28 мая 2020  |  
4:54 PM  November 5, 2019

TSU archeologists found coordinates of all locations of Ketsky Ostrog

© РИА Томск. Сергей ЛеваненковTSU archeologists found coordinates of all locations of Ketsky Ostrog

TOMSK, Nov 5 – RIA Tomsk. Archeologists of Tomsk State University (TSU) established the exact location of the Ketsky Ostrog, which existed on the territory of the region in the 16-18 centuries, but for various reasons changed deployment several times, the press service of the university reported on Tuesday.

According to the release with reference to the employee of the Museum of History, Archaeology and Ethnography of Siberia Eugeniy Barsukov, the Ketsky Ostrog existed on the territory of the modern Tomsk region from the end of the 16th to the middle of the 18th century and was the base for further development of Siberia. It was built by Russians who appeared in Siberia, faced with resistance of the local population – Selkupas.

Initially, the Ostrog was on the border of the Tomsk region and Krasnoyarsk region on the Ket River, but due to difficult terrain, problems with farming and washing of the riverbank it was transferred several times, Barsukov says. Until recently, scientists only roughly imagined where the Ostrog was "moving". Its second and third locations were found by TSU scientists with the help of maps and testimonies of travelers and researchers.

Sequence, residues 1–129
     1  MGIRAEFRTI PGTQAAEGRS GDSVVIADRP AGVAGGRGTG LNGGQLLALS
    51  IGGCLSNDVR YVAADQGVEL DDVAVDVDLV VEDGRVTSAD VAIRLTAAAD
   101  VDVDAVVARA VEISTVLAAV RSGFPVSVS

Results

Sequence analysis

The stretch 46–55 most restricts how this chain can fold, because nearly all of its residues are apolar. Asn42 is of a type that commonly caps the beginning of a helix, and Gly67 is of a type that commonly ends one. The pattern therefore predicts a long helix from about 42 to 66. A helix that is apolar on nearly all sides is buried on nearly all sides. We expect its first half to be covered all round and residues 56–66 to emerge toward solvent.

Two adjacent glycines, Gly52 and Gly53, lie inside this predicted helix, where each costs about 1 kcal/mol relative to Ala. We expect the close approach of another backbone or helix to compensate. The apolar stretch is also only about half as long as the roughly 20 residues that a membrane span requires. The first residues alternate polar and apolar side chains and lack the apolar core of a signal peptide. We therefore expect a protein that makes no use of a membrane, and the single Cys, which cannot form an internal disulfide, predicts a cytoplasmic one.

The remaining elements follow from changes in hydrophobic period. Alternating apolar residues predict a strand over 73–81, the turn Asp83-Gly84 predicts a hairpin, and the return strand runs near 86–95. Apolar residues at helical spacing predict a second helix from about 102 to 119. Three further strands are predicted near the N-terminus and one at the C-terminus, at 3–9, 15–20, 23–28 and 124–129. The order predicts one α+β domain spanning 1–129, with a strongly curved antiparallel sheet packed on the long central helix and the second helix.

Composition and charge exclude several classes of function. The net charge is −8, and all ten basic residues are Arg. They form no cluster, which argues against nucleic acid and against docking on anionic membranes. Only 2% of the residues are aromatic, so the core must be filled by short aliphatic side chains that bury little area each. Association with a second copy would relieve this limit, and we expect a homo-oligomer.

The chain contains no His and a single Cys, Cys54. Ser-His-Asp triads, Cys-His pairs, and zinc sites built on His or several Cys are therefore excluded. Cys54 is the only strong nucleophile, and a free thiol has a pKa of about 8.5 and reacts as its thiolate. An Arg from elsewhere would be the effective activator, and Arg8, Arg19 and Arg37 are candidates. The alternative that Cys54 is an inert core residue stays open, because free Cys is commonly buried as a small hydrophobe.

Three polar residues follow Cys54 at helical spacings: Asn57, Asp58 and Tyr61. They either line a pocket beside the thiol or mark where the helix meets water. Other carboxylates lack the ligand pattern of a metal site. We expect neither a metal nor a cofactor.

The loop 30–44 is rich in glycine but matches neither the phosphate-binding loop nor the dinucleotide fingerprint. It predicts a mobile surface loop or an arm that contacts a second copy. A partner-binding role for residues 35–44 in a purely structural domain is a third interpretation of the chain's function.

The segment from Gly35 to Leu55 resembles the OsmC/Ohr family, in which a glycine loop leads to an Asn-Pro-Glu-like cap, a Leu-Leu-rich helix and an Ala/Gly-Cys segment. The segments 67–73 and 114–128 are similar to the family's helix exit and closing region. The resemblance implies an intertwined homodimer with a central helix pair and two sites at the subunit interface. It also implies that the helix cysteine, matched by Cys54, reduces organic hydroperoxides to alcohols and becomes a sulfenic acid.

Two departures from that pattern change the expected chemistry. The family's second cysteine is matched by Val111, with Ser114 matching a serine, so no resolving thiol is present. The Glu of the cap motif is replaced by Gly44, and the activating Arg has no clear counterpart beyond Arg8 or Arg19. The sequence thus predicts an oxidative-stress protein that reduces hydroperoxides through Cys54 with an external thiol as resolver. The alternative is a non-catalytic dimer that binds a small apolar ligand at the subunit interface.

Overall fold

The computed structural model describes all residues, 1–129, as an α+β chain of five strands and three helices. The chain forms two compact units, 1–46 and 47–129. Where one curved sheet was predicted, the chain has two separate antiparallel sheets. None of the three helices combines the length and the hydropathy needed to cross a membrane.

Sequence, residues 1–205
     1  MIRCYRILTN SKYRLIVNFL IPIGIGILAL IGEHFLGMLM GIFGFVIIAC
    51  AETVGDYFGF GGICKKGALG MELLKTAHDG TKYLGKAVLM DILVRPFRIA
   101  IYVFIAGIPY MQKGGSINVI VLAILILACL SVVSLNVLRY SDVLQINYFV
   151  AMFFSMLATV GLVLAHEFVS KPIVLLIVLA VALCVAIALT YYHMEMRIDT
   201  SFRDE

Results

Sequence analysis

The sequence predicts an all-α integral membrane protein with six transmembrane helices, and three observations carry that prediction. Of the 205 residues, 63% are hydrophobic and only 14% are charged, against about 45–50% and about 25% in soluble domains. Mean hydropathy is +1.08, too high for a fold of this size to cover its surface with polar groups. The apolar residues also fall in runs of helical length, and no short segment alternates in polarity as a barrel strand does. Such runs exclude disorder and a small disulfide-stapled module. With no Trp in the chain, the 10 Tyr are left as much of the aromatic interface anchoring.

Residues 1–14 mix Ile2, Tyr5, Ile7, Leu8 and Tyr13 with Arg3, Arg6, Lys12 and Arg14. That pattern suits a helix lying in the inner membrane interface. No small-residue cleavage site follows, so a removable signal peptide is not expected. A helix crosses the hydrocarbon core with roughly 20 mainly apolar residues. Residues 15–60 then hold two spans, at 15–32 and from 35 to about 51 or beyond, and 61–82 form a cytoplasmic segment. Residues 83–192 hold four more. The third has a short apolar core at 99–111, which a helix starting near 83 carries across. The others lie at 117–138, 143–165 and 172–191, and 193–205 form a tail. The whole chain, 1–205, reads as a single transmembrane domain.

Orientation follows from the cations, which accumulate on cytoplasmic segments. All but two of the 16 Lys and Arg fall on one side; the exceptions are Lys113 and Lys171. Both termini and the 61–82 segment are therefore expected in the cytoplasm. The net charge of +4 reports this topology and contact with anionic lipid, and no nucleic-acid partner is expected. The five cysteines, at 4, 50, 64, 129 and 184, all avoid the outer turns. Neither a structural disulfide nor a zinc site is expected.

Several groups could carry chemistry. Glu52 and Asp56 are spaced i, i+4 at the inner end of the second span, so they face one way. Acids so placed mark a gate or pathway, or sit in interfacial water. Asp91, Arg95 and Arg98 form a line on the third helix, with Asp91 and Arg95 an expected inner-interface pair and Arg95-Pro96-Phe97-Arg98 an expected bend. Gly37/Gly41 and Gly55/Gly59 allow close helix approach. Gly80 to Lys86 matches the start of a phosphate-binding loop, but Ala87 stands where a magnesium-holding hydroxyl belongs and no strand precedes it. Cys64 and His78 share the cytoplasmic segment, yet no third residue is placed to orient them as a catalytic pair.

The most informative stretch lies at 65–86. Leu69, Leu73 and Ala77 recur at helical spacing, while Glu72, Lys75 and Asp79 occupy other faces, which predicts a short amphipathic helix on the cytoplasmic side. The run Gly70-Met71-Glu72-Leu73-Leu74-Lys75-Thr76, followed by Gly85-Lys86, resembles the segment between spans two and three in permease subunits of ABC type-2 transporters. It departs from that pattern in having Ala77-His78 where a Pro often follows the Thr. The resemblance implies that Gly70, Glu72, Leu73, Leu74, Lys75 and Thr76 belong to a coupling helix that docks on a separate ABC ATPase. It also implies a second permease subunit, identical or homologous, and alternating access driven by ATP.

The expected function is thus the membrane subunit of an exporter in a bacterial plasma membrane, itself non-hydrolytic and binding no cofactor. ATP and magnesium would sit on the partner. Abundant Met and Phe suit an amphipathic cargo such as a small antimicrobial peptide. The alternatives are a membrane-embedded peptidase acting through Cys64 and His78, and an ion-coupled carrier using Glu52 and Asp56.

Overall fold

"The artifacts found in 2019: knife, axe, chair, Russian and foreign ceramics allowed to establish the location of the Ostrog (at the third point – in the area of the village Ketskoe, which ceased to exist in the second half of the 20th century)", – the message says.

© РИА Томск. Павел Стефанский
It is added, the employees of TSU also managed to find part of the earth shaft in this territory, which, apparently, used to surround the walls of the Ketsky Ostrog. The archeologists hope that these findings will allow to reconstruct the events of the first decades of Russian presence in Siberia.

Barsukov also told about some interesting artifacts found in the locations of the Ostrog. Thus, scientists found both Selkupan and Russian ceramics in one cultural layer, which may indicate either mixed marriages or joint residence of Russians and Selkupas. Since there is little written evidence from the 17th century of the population of the north of the Tomsk region, such findings can tell how people developed these territories.

The study, which scientists plan to continue, is supported by the Dmitri Mendeleev Scientific Foundation of TSU.

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